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What do you actually do to grow in our profession? Because you know, once we are out of school, and if we are not teaching as a certified school teacher, there is nothing forcing us to do anything to develop anymore (and even in a school it isn’t always easy to find meaningful professional development opportunities as a string teacher). There are a lot of things we can do, however, which are easy, fun, educational, and even repeatable, to keep up our skills and learn new ones. That goes for both playing as well as teaching. And I am of the mind that we need different points of view to keep us honest and forward-moving, which we find when we get a little bit out of our familiar comfort zones. What follows are some easy string teacher tips for professional development.
First of all, we can read books. What was the last thing you read? I’m reading Talk Like Ted right now, and it is very enlightening if you want to learn how to give a speech. You might not think you need to speak in public as a teacher, but even in the classroom and when speaking to groups of parents or students, it is a critical skill that helps us convey messages more effectively.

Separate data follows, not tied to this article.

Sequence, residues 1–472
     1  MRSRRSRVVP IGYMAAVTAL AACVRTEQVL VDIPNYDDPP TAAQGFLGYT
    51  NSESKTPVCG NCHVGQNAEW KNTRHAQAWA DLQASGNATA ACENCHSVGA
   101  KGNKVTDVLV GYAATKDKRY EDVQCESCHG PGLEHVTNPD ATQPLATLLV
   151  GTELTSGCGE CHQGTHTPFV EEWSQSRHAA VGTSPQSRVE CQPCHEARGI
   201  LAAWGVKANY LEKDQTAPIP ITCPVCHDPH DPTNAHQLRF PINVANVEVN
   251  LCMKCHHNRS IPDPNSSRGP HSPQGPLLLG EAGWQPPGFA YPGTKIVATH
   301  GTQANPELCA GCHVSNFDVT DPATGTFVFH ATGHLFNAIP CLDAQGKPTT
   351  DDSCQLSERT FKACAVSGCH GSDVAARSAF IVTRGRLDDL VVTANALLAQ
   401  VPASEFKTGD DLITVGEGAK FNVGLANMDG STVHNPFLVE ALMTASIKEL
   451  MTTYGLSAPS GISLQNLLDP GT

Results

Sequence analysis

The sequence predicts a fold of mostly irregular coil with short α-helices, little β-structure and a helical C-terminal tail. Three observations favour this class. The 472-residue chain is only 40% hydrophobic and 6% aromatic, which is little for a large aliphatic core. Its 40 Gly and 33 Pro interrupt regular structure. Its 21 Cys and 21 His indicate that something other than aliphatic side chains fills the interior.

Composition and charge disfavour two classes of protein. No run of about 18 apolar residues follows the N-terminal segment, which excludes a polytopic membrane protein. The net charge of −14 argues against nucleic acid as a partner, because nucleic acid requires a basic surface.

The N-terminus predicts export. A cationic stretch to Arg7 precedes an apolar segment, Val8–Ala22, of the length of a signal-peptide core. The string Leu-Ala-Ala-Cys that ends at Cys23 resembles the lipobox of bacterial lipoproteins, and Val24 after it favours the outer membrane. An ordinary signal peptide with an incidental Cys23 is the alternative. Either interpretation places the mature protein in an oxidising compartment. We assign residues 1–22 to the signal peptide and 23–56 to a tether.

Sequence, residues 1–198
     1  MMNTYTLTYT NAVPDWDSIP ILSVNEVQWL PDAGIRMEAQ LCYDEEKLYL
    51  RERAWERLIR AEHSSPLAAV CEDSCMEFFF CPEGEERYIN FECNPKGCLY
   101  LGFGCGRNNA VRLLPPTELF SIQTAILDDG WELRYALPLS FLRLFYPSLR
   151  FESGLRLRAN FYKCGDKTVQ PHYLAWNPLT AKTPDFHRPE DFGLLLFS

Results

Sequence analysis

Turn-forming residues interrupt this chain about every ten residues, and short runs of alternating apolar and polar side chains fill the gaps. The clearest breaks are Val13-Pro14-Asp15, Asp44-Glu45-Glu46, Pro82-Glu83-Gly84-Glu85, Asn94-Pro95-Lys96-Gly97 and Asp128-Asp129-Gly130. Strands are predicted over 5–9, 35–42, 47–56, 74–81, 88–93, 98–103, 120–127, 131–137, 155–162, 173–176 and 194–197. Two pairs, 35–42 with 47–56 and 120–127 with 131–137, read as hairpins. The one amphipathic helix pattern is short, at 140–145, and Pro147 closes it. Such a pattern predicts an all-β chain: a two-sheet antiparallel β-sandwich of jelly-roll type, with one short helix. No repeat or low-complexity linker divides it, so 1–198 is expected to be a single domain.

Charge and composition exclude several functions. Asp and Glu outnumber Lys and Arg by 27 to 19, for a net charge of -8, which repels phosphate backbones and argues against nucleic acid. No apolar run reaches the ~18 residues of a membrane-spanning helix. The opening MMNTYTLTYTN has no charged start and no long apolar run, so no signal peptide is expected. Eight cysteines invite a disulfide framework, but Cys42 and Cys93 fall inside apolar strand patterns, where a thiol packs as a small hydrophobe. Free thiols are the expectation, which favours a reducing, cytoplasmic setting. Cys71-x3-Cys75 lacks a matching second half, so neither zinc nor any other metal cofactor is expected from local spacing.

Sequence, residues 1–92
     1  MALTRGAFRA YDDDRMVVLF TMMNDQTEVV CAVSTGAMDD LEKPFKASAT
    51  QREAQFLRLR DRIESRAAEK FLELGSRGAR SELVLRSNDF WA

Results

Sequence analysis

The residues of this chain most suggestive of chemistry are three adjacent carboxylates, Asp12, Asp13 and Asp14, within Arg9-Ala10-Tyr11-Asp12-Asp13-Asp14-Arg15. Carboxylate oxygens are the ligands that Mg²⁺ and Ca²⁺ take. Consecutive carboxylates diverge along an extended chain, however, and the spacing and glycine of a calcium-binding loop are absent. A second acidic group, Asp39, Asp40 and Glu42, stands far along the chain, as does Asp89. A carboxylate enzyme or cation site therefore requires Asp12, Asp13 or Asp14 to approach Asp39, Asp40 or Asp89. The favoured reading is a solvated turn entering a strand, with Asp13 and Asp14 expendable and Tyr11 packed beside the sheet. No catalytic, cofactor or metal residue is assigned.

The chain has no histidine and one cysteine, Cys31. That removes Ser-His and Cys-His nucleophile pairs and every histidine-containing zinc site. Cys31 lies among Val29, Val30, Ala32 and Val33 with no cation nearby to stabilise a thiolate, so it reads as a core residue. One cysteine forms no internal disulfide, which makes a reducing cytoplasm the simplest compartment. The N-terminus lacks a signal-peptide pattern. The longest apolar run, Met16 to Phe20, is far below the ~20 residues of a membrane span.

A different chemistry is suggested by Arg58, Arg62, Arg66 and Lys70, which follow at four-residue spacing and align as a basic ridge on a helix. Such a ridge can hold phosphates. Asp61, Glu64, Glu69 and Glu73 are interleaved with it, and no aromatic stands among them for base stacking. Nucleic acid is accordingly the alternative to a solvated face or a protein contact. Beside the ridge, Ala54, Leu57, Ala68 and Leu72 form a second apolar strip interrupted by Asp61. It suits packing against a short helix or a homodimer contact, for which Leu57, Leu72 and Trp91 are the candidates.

Attend conferences or workshops We can also attend conferences in our cities, state, region or at the national or even international level. That is a sure way to learn something useful and help us expand our professional knowledge and experience.
Take a course
We could take a course, either a single course, a certificate or a degree program. Learning is something we ourselves need to engage in frequently and enthusiastically to be our best teaching selves. It is a great idea never to forget what it is like to be a beginner. Being a beginner is great, anyway, as it gives us a chance to be bad at something so we can learn from it and improve. Of course, it also helps us relate to our beginners more too.
By the way, don’t forget to sign up for clock-hours you can report to your school district as that is future money in the bank as you rise up the salary scale! Check with your district’s HR to find out if a course qualifies for clock hours. They are sometimes a bit flexible with string teachers.